Source: Exelon. 

Investors have been hunting for a "magic metric" for as long as stock markets have existed. Of the myriad metrics around, return on equity, or ROE, has become a favorite first stab for judging a company's worth. But for the wise investor, there's a clearer calculation out there -- one that can ultimately separate the winner stocks from the losers. Let's look at two utilities that offer giant dividends -- Exelon (NYSE:EXC) and Xcel Energy (NASDAQ:XEL) -- to see which is worth its weight.

The magic metric
Return on equity measures the percentage of net income that is returned to shareholders. In this case, Exelon manages an 8.2% ROE, while Xcel Energy ups the ante to 10.1%.

Nearly a century ago, DuPont delved deeper to get at the questions investors really want to know. This extended DuPont model splits ROE into five ratios, each of which tells an interesting investment tale.

Here's how the ratios stack up for Exelon and Xcel Energy:




Pre-Interest Pre-Tax Margin



Asset Turnover



Interest Burden



Tax Efficiency



Equity Multiplier



Source: Data from S&P Cap IQ

Xcel leads in nearly every category. The utility sets itself up for success with a strong starting point -- its pre-interest pre-tax margin is a full 3 percentage points higher than Exelon's. While that number is partially determined by corporate practice, it's also steeped in regulation.

In the company's latest second-quarter earnings report, roughly 80% of Xcel Energy's electric margin improvements came from retail rate increases across six states. This alone added $38 million to its coffers for the quarter.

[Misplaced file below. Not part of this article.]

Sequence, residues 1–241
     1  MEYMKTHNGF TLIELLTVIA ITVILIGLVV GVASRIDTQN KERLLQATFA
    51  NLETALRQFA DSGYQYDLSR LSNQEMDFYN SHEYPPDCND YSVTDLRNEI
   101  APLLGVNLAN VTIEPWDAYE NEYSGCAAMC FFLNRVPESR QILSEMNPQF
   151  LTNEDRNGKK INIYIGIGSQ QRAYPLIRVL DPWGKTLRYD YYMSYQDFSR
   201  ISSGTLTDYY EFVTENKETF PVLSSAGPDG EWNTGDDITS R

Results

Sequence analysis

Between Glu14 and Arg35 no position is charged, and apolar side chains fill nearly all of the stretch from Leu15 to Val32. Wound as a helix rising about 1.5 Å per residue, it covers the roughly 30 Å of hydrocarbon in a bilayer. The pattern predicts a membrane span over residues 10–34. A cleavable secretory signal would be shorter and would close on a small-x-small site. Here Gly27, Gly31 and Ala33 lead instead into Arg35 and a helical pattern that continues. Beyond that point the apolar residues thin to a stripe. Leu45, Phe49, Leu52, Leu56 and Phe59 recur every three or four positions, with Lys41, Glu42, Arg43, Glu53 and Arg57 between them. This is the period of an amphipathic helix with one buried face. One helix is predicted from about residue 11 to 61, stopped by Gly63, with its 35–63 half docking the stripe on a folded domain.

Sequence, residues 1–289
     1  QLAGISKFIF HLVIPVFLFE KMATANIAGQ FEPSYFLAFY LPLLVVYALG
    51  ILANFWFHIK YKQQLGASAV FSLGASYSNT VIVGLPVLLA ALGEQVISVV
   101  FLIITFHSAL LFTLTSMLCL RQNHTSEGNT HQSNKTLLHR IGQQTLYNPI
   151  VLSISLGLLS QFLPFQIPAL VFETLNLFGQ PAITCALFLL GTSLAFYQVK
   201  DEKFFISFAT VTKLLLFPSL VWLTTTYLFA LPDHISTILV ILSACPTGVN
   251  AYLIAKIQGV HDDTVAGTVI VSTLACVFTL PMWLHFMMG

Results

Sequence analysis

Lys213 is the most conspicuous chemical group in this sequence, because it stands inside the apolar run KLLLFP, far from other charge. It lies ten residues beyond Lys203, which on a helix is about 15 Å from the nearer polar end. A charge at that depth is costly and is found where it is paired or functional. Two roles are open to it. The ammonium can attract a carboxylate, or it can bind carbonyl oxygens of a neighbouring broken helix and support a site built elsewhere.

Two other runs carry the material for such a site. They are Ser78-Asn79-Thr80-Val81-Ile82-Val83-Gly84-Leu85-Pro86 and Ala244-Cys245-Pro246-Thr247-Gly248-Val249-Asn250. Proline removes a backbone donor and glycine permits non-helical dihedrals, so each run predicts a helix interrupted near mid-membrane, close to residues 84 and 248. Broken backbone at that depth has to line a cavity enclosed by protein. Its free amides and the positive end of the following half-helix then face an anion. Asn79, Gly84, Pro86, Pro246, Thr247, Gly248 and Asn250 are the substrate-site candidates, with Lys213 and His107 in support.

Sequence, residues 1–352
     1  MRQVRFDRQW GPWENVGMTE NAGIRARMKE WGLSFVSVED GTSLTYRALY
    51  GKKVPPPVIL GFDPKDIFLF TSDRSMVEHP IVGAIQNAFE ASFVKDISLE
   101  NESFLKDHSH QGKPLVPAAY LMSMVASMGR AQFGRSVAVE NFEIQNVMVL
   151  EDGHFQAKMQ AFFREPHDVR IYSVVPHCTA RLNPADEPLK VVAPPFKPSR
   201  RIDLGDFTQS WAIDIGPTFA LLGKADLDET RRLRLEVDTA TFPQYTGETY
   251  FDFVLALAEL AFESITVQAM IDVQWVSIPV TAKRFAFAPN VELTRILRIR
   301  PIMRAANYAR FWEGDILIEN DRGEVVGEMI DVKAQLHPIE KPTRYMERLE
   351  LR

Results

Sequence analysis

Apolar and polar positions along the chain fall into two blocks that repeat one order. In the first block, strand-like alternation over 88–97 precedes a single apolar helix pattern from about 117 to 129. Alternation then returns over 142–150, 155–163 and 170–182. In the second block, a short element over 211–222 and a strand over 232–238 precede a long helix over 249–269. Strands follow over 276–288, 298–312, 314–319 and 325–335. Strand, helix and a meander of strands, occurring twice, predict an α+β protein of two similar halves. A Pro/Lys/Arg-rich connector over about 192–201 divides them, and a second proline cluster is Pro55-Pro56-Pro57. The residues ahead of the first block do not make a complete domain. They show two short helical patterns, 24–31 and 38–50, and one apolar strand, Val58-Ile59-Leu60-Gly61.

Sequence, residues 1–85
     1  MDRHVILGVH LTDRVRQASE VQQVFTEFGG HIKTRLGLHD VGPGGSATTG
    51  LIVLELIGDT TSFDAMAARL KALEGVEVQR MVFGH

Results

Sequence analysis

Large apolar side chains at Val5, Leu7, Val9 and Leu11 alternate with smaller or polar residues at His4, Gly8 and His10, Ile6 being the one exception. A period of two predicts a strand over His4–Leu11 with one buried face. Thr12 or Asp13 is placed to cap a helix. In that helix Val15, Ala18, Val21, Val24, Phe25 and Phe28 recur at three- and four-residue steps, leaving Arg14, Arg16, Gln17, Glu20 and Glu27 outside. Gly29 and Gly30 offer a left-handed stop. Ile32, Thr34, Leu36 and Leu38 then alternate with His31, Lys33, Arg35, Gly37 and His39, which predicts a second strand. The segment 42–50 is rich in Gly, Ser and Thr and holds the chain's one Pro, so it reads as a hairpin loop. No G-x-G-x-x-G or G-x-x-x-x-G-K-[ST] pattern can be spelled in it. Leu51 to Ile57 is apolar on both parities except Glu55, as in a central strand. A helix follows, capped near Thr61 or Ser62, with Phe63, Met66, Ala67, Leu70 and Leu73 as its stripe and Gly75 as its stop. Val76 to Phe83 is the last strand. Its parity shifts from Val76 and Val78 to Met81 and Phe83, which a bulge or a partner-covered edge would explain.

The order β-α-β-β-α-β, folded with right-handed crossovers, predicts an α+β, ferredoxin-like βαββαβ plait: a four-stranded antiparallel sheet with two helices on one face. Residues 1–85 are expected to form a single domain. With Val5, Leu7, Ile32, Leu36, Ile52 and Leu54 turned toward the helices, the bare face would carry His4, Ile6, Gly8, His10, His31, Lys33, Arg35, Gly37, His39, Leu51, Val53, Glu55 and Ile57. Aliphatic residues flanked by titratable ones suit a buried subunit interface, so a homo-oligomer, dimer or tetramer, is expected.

For the same quarter, lower realized energy prices put a crimp in Exelon's unregulated generation earnings, which accounted for just over 50% of its total adjusted earnings.

When it comes to taxes, Xcel also seems to be on Uncle Sam's good side. The utility scored a solid 0.04 points higher than Exelon Corporation. This metric reveals the other side of pre-tax margins, and Xcel has managed to hang on to its lead.

As slow-moving mega-corporations, asset turnover isn't an all-important indicator, but interest burden is essential. Utilities take out massive loans to cover large infrastructure projects, and Exelon is losing more of its money to interest expenses than Xcel. Xcel also recently announced it plans to shave an additional $5 million off interest expenses for fiscal 2014. That's small money, but it tells investors that Xcel isn't looking to expand its interest burden; its lower equity multiplier reaffirms that message.

Foolish takeaway
This breakdown provides the complete story for the 1.9 percentage point difference between two companies' ROE. Xcel Energy enjoys a fatter margin, a faster business, smaller loan payments, and lighter taxes. For dividend stock investors, the current 0.1 percentage point difference between Exelon's 4% yield and Xcel's 3.9% makes the case even more compelling. Long-term investors can expect Xcel to do more with your money -- and give you more in return.

Justin Loiseau has no position in any stocks mentioned. The Motley Fool recommends Exelon. Try any of our Foolish newsletter services free for 30 days. We Fools may not all hold the same opinions, but we all believe that considering a diverse range of insights makes us better investors. The Motley Fool has a disclosure policy.